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Accountability and Assessments

The Standards Sequence Schedules provide a broad look at which standards will be taught at which point in the school year for each grade level of students in the Huntington Beach City School District.  The schedules provide a period of time within each academic school year that these standards will be the instructional focus.  The schedule does not mean they will not be instructed at other times of the year, it just emphasizes their focus during that time. 

English Language Arts (ELA)


Benchmarks Assessment Blueprints

The Benchmark Assessment Blueprints reflect the number of questions on each assessment that will reflect specific identified standards.  While all standards are important, this shows how the standards in the Standard Sequence Schedule will be assessed during each benchmark assessment period in the academic calendar.  

The Dashboard shows how well students within a district or school are performing on a variety of indicators, including test scores, graduation rates, suspension rates, English learner progress, and college/career readiness. The indicators are color-coded – blue is the highest rating and red is the lowest.

In the past, test scores were often the only measure of student success. But students are more than test scores. Looking at more data – and more meaningful information -- helps more precisely identify a district or school's strengths and weaknesses and highlights performance gaps between groups of learners.

Focus on Equity

The Dashboard's Equity Report shows how student groups are performing on various measures. Student groups include ethnic and racial groups, low-income students, English learners, foster youth, and students with special needs.

The Dashboard highlights inequities and helps communities align resources to improving student group performance through the Local Control and Accountability Plan process.

Supporting Local Decision-Making

The Dashboard supports California’s groundbreaking Local Control Funding Formula, which gives districts and schools more flexibility in using state resources and provides extra funding to districts and schools serving students needing extra help.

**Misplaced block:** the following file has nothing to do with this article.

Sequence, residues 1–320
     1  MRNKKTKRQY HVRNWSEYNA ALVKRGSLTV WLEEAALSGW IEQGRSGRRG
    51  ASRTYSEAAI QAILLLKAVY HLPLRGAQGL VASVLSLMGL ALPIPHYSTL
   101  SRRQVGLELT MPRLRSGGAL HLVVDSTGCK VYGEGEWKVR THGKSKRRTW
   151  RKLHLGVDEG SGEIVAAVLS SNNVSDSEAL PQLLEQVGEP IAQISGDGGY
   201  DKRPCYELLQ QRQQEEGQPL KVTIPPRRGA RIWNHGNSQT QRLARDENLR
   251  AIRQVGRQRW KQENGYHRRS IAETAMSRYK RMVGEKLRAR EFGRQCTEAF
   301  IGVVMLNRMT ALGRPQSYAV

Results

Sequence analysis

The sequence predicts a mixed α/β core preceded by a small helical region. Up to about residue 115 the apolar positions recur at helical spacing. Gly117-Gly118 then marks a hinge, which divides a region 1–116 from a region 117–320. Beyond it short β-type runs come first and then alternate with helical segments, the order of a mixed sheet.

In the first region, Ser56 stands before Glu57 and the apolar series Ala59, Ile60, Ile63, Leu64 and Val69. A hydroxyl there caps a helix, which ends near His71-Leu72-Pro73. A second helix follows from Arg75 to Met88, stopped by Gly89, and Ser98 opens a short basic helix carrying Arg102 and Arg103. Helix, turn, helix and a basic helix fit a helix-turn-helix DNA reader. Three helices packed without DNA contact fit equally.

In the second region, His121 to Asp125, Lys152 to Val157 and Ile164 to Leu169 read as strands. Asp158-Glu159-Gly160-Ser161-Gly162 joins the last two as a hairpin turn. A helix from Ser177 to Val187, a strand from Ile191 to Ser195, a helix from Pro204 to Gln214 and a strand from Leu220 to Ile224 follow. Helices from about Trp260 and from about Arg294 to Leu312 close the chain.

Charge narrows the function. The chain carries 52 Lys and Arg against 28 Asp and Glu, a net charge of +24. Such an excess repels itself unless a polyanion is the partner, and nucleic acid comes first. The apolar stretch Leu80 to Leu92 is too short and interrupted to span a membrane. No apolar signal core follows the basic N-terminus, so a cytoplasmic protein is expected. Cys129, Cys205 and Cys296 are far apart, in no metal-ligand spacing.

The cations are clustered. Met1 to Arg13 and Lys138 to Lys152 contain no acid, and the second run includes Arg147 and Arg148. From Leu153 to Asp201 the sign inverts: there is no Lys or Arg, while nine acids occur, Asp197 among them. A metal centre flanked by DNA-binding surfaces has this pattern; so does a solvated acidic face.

Local education communities know best how to address local needs. Top-down approaches of the past haven't worked because California is too big and too diverse for one-size-fits-all approaches to district and school improvement.

Continuous Improvement

California is continually improving our public education system to better serve students and families. The Dashboard will be updated each fall with new information and its design improved based on user feedback. The new California Statewide System of Support – which begins this school year – includes three levels of assistance to districts: Level 1 is support for all districts. The support includes workshops for teachers, classroom coaches, and sharing of "best practices" proven to help accelerate student learning. Level 2 is supported to districts and schools struggling to lift up the performance of one or more student groups. Together with partners, these districts will examine the factors behind low performance and develop strategies for improving classroom learning. Level 3 is state intervention for districts that fail to improve student group performance in three out of four years.

Working collaboratively with districts to provide support and assistance will ensure that struggling districts get the services they need to better serve their students.